The real deal
Researchers from ITMO have recently joined efforts with the State Russian Museum on a solution to the ages-old issue of painting authenticity and identification of forgeries. Using infrared spectroscopy, the specialists devised a new method capable of quickly analyzing a wide array of physical properties of paint in order to pinpoint the time of an artwork’s creation and the methods used to produce it.
Researchers at the School of Physics and Engineering have revealed their latest invention – a microchip-based method of synthesizing metal-organic frameworks (or MOFs for short). At its core is the microfluidic method – the application of miniature chips that control the flow of fluids during reactions. Following further development, the method has the potential to be applied in targeted drug delivery.
No to melanoma
Among all cancer types, melanoma (or skin cancer) is one of the most difficult to detect. But this could change, in part thanks to the efforts of researchers at the School of Physics and Engineering. Their proposed solution uses gold nanoparticles to accurately target and destroy malignant cells. Producing these findings has required the scientists to overcome several challenges, but now they have successfully completed preclinical trials and are working on another paper that continues their endeavor.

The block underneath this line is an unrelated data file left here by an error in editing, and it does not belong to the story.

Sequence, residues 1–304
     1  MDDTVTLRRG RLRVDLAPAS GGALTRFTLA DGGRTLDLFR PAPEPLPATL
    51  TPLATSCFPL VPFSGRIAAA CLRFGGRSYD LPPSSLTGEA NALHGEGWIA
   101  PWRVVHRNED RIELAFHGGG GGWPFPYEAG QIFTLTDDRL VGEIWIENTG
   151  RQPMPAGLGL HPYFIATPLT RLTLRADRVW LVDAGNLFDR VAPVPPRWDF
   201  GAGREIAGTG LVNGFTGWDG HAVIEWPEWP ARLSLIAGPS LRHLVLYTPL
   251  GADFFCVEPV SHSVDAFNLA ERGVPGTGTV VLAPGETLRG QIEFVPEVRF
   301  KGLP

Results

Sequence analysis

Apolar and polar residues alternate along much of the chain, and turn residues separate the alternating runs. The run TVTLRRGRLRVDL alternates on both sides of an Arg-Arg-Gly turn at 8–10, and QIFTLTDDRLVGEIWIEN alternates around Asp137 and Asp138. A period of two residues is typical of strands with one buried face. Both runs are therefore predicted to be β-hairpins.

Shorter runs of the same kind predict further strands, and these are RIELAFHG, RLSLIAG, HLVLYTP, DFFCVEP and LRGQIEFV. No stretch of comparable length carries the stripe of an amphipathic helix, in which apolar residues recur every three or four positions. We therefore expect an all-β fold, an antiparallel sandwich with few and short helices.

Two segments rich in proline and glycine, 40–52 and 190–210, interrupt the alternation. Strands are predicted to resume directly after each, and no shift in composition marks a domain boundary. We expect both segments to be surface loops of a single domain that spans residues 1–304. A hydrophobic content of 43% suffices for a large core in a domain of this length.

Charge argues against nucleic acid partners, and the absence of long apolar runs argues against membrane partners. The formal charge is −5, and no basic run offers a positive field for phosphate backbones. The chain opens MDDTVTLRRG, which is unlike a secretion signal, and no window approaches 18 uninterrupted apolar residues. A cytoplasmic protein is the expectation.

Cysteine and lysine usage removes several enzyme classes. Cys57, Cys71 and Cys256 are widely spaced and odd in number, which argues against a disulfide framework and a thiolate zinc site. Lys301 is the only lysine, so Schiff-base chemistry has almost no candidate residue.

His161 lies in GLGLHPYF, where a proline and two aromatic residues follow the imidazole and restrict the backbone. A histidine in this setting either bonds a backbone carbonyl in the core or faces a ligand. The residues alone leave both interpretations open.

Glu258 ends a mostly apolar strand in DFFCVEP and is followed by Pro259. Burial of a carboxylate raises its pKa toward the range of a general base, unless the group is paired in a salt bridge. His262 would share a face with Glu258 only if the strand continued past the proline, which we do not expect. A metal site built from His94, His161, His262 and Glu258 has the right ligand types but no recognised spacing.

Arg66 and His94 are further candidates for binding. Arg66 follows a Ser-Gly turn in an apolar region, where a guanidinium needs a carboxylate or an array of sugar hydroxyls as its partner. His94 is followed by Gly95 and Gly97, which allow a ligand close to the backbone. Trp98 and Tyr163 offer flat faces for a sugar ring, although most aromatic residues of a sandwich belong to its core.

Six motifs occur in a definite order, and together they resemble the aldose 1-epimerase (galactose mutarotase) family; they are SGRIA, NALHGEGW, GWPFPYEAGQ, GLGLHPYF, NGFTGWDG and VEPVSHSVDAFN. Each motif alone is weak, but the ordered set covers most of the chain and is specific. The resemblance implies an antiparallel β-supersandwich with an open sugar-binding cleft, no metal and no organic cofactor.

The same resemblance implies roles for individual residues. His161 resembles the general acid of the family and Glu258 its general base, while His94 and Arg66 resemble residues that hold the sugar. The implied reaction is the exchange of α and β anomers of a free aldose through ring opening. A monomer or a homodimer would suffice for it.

Patient care made easy
At last month’s St. Petersburg International Health Forum, a team representing ITMO University won the Smart Medical Technologies hackathon. Their project’s goal is to reduce the workload of nurses by producing a cheaper, simple-to-use electronic armband that can monitor patients’ health indicators and transmit the data into a database, facilitating information flow and ensuring a timely response to complications.
A win for ITMO holographers
For the 60th anniversary of the invention of holography, the journal Light: Advanced Manufacturing put out a special issue to celebrate the world’s top experts on the subject. Among them were the staff of ITMO University, whose work with vortex beams and pulse holography earned their inclusion in the publication.
In the spotlight
Do you ever wonder how much light affects our perception of spaces? This is a question all too familiar to participants of the recent international conference Lighting Design. Speakers at the event came together to discuss the intricacies of using light in museums, concert venues, and beyond to engage audiences in subtle yet crucial ways.
Food for thought
Those in St. Petersburg who are starved for knowledge should breathe a sigh of relief. ITMO University and the bakery chain Bushe have unveiled a mystifying collaboration: customers of nearly 20 branches around the city can have some fun with their order by asking for a Schrodinger's Croissant. The science-inspired treat not only comes in one of two enigmatic flavors – Dark Matter or Big Bang – but also gives the gourmand the opportunity to learn about quantum physics from the university’s top experts.